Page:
Canadian Forest Service Publications

Forecasting the spatial distribution of logging residues across the Canadian managed forest. 2018. Barrette, J.; Paré, D.; Manka, F.; Guindon, L.; Bernier, P.; Titus, B. Can. J. For. Res. 48: 1470-1481.

Year: 2018

Issued by: Laurentian Forestry Centre

Catalog ID: 39346

Language: English

Availability: PDF (request by e-mail)

Available from the Journal's Web site.
DOI: 10.1139/cjfr-2018-0080

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There is a growing interest in using logging residues as feedstock in the bioeconomy. However, quantifying the amount of this resource over large areas has been difficult due to the lack of availability and consistency in forest inventory data across jurisdictions, and the lack of a clear definition of what constitute logging residues. The goal of this study was to develop an approach to spatially estimate the amounts of logging residues that would potentially be available in the near future across the Canadian managed forest using remote sensing maps and to compare these estimates to field assessments. Remote sensing estimates of branch and foliage biomass, although only a fraction of total post-harvest residual biomass, were generally comparable to estimates from field assessments of recoverable residues after harvesting at the forest management unit (FMU) scale or at the 100-km2 scale. However, they tended not to capture the strong variability between sites and to underestimate observed field values in regions that have very high biomass density. On average, the national logging residue density is estimated to be 26 ± 16 oven dry tons (ODT) ha-1, and annual national availability is estimated to be 21 M ODT y-1. Maps produced are made available at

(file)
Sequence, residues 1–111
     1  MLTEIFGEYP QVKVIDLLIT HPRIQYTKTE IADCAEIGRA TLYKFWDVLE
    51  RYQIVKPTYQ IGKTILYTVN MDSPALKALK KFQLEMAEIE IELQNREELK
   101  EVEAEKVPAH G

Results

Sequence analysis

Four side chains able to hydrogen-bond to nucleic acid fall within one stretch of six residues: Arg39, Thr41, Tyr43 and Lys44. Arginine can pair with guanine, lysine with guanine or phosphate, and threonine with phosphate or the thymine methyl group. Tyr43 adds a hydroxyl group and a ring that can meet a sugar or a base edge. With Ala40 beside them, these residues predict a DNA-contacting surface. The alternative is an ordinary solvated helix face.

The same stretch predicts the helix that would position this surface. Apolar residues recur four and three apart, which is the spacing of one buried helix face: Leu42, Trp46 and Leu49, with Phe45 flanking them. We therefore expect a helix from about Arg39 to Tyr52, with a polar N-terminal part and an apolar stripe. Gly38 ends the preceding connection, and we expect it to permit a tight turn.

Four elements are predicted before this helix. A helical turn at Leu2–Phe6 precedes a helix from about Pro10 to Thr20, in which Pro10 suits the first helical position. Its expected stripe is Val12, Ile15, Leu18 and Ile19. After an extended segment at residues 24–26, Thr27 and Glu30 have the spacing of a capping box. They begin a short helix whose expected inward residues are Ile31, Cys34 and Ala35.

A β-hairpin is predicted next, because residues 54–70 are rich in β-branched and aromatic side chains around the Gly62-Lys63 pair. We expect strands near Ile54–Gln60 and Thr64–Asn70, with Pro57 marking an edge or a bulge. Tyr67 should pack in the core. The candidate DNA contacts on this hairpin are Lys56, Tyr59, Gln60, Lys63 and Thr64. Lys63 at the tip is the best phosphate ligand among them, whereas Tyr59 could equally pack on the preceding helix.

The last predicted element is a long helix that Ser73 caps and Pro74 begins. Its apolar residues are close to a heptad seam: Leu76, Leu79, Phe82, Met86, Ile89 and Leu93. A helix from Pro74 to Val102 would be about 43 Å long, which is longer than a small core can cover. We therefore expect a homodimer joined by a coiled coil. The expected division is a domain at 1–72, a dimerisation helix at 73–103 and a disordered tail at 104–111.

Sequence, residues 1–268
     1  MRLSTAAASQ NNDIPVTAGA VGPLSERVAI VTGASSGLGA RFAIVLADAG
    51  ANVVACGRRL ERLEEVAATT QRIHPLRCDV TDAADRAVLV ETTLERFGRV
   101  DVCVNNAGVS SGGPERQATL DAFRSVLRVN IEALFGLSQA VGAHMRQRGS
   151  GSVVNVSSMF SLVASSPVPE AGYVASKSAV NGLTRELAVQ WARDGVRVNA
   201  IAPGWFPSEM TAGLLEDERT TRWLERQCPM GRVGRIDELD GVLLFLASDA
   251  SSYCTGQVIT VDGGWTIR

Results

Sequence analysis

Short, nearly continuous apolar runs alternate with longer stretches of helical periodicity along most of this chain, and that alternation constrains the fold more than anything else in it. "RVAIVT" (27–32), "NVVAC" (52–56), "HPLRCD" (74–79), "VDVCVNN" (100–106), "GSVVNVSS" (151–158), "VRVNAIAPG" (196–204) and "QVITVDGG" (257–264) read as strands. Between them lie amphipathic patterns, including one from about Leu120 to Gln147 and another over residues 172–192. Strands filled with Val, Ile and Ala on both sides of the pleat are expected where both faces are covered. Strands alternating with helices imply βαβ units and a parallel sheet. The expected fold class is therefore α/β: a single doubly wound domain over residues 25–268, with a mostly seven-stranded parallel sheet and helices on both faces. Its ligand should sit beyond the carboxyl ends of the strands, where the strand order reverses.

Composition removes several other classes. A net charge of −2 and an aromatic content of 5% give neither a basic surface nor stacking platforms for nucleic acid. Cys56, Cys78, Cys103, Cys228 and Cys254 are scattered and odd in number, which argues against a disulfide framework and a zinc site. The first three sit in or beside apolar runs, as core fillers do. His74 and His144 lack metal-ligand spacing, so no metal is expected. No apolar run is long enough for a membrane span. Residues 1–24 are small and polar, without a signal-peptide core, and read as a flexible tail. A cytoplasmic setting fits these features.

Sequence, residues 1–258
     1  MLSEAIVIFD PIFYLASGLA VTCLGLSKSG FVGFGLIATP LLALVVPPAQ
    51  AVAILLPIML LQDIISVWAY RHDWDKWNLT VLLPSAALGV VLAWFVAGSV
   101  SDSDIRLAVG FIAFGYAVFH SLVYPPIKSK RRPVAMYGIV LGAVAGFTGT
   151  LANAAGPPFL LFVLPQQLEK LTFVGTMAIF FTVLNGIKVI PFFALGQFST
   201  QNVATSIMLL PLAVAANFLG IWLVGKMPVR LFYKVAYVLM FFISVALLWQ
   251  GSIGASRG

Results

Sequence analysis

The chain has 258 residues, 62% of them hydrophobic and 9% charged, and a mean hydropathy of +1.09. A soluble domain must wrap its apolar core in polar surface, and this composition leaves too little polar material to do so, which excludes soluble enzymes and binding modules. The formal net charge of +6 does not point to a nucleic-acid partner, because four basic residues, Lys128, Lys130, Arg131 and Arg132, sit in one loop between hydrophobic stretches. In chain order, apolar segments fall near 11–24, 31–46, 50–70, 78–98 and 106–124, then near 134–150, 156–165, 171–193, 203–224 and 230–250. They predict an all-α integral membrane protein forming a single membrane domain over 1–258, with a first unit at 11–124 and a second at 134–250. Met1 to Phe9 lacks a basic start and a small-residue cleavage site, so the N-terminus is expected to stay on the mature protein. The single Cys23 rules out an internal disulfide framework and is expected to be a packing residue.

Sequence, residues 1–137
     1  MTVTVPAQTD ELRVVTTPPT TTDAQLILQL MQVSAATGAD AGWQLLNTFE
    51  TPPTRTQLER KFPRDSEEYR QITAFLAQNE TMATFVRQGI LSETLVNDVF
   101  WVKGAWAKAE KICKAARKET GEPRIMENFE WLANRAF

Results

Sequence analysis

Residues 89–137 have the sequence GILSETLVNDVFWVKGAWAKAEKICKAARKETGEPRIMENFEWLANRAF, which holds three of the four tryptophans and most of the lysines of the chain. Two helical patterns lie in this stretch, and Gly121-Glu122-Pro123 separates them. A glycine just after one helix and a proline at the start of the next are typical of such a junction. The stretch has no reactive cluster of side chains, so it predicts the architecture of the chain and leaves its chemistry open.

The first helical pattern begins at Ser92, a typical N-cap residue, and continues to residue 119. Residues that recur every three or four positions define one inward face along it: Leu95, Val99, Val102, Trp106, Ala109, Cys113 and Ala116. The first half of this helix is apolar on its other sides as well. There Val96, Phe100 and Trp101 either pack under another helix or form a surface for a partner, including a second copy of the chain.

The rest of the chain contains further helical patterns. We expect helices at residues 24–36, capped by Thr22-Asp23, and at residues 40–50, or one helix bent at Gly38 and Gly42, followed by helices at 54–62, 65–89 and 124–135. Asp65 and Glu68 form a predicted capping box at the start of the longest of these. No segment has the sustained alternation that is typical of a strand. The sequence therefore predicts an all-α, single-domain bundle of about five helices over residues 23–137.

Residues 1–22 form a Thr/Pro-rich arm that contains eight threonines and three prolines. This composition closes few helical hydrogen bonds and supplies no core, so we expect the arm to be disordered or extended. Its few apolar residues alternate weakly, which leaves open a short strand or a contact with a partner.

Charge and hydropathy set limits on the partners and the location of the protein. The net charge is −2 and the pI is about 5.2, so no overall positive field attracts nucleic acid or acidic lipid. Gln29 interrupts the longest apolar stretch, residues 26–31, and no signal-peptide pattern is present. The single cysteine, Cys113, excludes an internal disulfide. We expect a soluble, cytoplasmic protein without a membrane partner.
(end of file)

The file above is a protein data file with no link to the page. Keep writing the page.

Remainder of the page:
Plain Language Summary

In this article, the researchers present a new approach to spatially estimate the amount of harvest residues that would potentially be available in the short term for the bioeconomy.

At the forest management unit level, branch and foliage biomass estimates based on remote sensing were generally comparable to field estimates. However, estimates based on remote sensing did not demonstrate the high variability between sites.

Across Canada, harvesting residues average 28 bone-dry tons per hectare and annual availability is estimated at 21 million bone-dry tons per year.